Object Name: drum-type compound microscope
Dimensions: 27 x 13 x 10.5 cm (10 5/8 x 5 1/8 x 4 1/8 in.)
box: 13 x 19.5 x 32 cm (5 1/8 x 7 11/16 x 12 5/8 in.)
Description: A large drum microscope with two rack and pinion sets, one for coarse focus and one for varying tube length. The latter must be the "Grossissement variable." The lead-filled base has a square opening for illuminating the flat/concave substage mirror rotatable only about a horizontal axis. The stage and upper parts of the stand can be rotated on the base. A vertical pillar holds an arm and the tubes, but there is no fine focus provided.
Small, wooden box covered in stamped-leather box holds the objectives and diaphragms in a wooden insert. Lid lined in ivory silk.
Flat mahogany box to hold the microscope and accessories is a replacement. It is the style of Nachet boxes. Brass handle and plate on top is inscribed with a doctor's name.
Accessories: objective (11); diaphragm (3); all in stamped leather box; 1 ocular; mahogany box (not original).
Signed: Georges / Oberhaeuser, / breveté, / Place Dauphine, 19, / Paris.
Inscribed: on arm: Microscope / achromatique, / à / Grossissements / variables.
on rim of base: No. 1194.
on replacement box: Dr. R. M. / Hodges.
Historical Attributes: Owned and used by Louis Agassiz in his study of jellyfish.
In May 1849, Agassiz presented an account of observations he made with this microscope on the nervous system in jellyfish. His claim that coelenterates (jellyfish and their relatives) possess a nervous system was met with scepticism, and he retracted his findings in 1862. His original observations were later proved correct.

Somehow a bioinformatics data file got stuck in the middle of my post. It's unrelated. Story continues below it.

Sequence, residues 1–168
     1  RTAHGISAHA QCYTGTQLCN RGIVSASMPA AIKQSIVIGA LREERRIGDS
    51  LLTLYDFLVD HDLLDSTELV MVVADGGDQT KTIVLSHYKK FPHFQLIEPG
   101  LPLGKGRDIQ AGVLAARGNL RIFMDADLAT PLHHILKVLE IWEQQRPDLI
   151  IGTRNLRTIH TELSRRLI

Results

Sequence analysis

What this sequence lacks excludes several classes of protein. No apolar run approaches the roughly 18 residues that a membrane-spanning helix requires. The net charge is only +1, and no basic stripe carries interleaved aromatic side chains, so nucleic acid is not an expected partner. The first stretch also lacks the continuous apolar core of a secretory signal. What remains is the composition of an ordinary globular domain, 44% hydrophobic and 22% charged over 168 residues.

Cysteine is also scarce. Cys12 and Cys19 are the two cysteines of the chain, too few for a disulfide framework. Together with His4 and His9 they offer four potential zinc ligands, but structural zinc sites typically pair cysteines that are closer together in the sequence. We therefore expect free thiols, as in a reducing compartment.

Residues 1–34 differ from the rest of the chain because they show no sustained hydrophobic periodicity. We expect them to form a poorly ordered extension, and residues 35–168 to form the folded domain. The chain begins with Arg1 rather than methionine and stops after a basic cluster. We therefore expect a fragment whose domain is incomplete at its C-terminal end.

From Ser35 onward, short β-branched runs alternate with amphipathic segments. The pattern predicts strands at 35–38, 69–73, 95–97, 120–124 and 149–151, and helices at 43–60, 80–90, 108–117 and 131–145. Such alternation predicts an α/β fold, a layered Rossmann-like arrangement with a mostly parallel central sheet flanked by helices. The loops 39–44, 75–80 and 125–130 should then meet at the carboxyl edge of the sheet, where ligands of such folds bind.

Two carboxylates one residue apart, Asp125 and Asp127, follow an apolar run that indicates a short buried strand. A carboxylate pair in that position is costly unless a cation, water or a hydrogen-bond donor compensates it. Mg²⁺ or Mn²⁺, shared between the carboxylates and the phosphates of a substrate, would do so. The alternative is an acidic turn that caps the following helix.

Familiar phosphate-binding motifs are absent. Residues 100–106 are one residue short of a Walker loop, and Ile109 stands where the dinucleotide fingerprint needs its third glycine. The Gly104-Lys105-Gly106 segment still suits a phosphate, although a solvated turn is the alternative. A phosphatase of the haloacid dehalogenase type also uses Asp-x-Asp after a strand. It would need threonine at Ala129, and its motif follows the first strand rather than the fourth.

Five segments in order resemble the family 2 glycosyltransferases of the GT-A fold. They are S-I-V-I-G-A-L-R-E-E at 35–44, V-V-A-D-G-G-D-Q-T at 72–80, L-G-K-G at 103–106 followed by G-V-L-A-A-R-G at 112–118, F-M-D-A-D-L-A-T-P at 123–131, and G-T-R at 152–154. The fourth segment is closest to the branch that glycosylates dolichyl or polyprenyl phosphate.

Mackie, "Louis Agassiz," discusses Agassiz's microscopy with an Oberhaeuser compound microscope, with attention to particular objectives he used and what these could have resolved.
Curatorial Remarks: See file for description of some restoration, and a detailed sketch by E. Gay of an Oberhaeuser he apparently restored for Mrs. Marie Prince Jones of South Hamilton. It was also owned by Agassiz and looks like fig. 287 in Harting. It had a fine focus mechanism but no racks and pinions, like this one.
According to Dr. Lewis's notes, the dates of purchase and manufacture of this microscope are unknown. However, from Harting, Lib. 735, p. 703 one can estimate a probable date of 1845-46.
Follow up on Mackie (see published references) by testing the objectives.
Photographs of Louis Agassiz (1998-1-0934) show a similar but not identical Oberhaeuser drum microscope on the table.
Primary Sources: Pieter Harting, Das Mikroskop (Braunschweig: Friedrich Vieweg und Sohn, 1859), fig. 287.
Louis Agassiz, “Contributions to the Natural History of the Acalephae of North America. Part I. On the naked-eyed medusae of the shores of Massachusetts, in their perfect state of development” Memoirs of the American Academy of Arts and Sciences, new ser., 4, no. 2 (1850): 221-316, plates 1-8.
Provenance: Louis Agassiz, purchase circa 1846; Ernst-Lewis Collection, 5/18/36.
Published References: G. O. Mackie, "Louis Agassiz and the Discovery of the Coelenterate Nervous System," Hist. Phil. Life Sci. 11 (1989): 71-78.